Previously reported classification or segmentation methods are reviewed, and some statistical approaches that may be capable of automatically classifying tissues and segmenting magnetic resonance (MR) images are discussed. The image segmentation methods reviewed are edge detection methods and region detection methods. The key feature of statistical approaches toward automatically classifying tissues and segmenting MR images is the determination of the number of image classes and the model parameters of these classes from the image data directly by a computer. Any free parameter requiring extensive user interactions should be avoided. Further research on the Gaussian Markov random field (GMRF) model and the MRF penalty term will push the statistical approaches further along the automatic track. As these approaches become more practical they will become more valuable.<> View full abstract»

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  • Clinical utilization of grayscale workstations

    Publication Year: 1993 , Page(s): 86 - 100
    Cited by:  Papers (3)
    Save to Project icon | Request Permissions | Click to expandQuick Abstract | PDF file iconPDF (1881 KB)  

    The factors influencing the image fidelity of gray-scale monitors and how they are determined through both physical and psycho-physical measurements are discussed. Estimation techniques for the amount of image data to be displayed, both the daily digital image data volume and the estimation of the number of gray-scale display stations required, are also examined. Gray-scale display station hardware and software designs are presented. It is pointed out that exceptional attention must be paid to the details of workstation design, as this is the sole interface of the radiologist to the resources of the digital image management network.<> View full abstract»

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  • Predicting osseous changes in ankle fractures

    Publication Year: 1993 , Page(s): 103 - 110
    Cited by:  Papers (4)
    Save to Project icon | Request Permissions | Click to expandQuick Abstract | PDF file iconPDF (1094 KB)  

    A quantitative assay of subtle morphologic changes that are induced in the trabecular structure of weight-bearing bones as a result of immobilization prescribed as part of routine clinical management is investigated. It is postulated that a clinically meaningful structural measure can be inferred from comparatively small, relatively uniform regions of trabecular bone, which are easily isolated from conventional transmission radiographs. This approach derives from the observation that common transmission radiographs of alveolar bone contain trabecular regions with spatial attributes that are statistically independent of image magnification over a reasonable range of spatial frequencies. Selecting these regions for analysis is advantageous because certain attributes of the resulting data are theoretically independent of the focal-object distance used to produce the original radiograph. Therefore, the size and shape of the irradiated tissue mass do not influence the measurement, as they do in morphometric-based analysis.<> View full abstract»

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  • Surface and volume rendering techniques to display 3-D data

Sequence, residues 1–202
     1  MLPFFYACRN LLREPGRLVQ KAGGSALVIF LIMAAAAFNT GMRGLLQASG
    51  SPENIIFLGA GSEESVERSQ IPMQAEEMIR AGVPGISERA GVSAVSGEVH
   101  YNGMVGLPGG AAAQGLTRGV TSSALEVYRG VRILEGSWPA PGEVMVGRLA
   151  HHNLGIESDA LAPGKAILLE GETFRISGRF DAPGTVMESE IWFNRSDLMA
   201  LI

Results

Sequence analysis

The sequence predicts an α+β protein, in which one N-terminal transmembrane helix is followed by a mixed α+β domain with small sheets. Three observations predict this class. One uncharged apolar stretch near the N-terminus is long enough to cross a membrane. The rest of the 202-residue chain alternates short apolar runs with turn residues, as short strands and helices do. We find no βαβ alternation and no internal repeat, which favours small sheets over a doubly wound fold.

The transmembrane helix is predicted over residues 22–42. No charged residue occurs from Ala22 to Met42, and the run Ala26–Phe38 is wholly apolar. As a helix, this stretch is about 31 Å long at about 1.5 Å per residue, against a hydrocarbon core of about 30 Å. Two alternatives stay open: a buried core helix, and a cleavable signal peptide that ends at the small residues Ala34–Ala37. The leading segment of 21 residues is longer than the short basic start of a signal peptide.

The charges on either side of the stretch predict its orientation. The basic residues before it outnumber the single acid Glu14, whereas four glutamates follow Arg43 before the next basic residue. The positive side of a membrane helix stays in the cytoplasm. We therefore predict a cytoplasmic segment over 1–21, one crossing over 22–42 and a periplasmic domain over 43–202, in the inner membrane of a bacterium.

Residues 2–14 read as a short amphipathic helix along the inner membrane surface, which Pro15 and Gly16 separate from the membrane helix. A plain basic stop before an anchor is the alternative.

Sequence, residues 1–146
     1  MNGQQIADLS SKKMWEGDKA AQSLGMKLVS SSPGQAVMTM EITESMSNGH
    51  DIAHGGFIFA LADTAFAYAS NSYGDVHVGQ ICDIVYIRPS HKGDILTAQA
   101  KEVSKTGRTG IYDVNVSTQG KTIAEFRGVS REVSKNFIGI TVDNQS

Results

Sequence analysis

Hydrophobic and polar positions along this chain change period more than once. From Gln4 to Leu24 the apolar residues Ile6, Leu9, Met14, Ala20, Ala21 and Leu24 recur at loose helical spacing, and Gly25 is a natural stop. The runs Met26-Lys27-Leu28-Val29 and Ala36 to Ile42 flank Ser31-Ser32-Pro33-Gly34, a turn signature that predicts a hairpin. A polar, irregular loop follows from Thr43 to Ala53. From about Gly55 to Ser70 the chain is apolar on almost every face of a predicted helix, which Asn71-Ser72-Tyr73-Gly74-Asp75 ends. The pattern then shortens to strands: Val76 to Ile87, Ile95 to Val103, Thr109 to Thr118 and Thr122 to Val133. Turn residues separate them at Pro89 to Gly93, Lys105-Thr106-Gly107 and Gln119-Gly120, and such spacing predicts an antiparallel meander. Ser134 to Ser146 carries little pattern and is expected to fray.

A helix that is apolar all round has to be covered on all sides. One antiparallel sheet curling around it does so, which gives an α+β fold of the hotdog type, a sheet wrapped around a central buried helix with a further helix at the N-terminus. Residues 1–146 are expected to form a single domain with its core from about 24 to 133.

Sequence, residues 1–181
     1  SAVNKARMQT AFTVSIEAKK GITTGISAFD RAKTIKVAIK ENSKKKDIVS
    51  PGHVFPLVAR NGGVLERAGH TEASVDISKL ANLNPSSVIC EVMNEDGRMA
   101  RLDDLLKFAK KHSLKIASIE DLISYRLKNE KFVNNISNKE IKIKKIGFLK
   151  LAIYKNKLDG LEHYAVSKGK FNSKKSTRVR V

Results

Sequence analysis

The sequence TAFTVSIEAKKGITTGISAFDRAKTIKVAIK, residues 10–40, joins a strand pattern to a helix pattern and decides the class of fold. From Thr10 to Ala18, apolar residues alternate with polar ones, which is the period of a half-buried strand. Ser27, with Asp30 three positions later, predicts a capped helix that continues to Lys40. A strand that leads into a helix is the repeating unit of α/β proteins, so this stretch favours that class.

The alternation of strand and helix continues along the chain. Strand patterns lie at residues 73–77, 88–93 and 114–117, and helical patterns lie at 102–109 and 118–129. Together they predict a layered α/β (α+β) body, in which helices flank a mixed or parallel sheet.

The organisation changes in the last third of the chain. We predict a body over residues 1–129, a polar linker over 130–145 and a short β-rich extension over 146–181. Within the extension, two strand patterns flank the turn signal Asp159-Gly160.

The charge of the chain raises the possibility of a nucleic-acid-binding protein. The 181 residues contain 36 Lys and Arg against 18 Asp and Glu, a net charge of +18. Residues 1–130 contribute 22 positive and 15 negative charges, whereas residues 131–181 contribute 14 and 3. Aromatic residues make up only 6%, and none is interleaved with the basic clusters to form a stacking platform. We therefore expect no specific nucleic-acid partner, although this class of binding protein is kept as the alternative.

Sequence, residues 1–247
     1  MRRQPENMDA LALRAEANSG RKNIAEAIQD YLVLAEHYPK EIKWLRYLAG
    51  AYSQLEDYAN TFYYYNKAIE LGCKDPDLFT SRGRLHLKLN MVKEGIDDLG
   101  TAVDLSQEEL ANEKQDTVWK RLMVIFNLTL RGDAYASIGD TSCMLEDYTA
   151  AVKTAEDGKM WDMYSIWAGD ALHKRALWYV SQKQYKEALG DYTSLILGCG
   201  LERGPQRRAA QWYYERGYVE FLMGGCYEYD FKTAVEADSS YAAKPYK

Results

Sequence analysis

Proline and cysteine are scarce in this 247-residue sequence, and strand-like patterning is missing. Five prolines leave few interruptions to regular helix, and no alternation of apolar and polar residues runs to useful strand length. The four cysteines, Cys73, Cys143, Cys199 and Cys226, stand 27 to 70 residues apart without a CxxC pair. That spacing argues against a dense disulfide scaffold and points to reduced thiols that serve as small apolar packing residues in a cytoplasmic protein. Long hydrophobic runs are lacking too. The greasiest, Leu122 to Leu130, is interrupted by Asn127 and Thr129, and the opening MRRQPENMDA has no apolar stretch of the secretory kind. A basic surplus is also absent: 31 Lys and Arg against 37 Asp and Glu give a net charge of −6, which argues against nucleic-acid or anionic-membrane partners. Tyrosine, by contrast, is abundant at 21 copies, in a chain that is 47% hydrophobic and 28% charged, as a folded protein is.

Publication Year: 1993 , Page(s): 111 - 119
    Cited by:  Papers (7)  |  Patents (5)
    Save to Project icon | Request Permissions | Click to expandQuick Abstract | PDF file iconPDF (1482 KB)  

    An overview of 3-D rendering techniques of medical data is presented. It is pointed out that volume rendering, and especially ray tracing, can be considered to be the most sophisticated and general method to display 3-D medical data. However, surface rendering still remains the most relevant technique for displaying noncommensurate information such as anatomical atlases. Hence, one of the main practical issues is to select the most appropriate image rendering method, based on the data acquisition modes and the medical relevance. The future of 3-D medical imaging is also discussed.<> View full abstract»

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  • Robotic surgery

    Publication Year: 1993 , Page(s): 120 - 125
    Cited by:  Papers (8)  |  Patents (104)
    Save to Project icon | Request Permissions | Click to expandQuick Abstract | PDF file iconPDF (858 KB)  

    The application of an active surgical robot, the Surgical Assistant Robot for Prostatectomy (SARP), to transurethral resection of the prostate is discussed. SARP performs surgery under the supervision of a surgeon. The mechanical construction computing system, software, motion controller and image system of SARP are discussed.<> View full abstract»

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  • The retrospectroscope-the bite of pain (electrotherapy)

    Publication Year: 1993 , Page(s): 135 - 136
    Save to Project icon | Request Permissions | Click to expandQuick Abstract | PDF file iconPDF (275 KB)  

    A brief historical survey of methods used by physicians and dentists to relieve pain is presented. The use of electricity is emphasized. The methods utilized range from the use of the black torpedo fish, which has a 150-V discharge and peak power output of 1 kW, to TENS stimulation.<> View full abstract»

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Aims & Scope

IEEE Engineering in Medicine and Biology Magazine contains articles on current technologies and methods used in biomedical and clinical engineering.

 

This Magazine ceased publication in 2010. The current retitled publication is IEEE Pulse.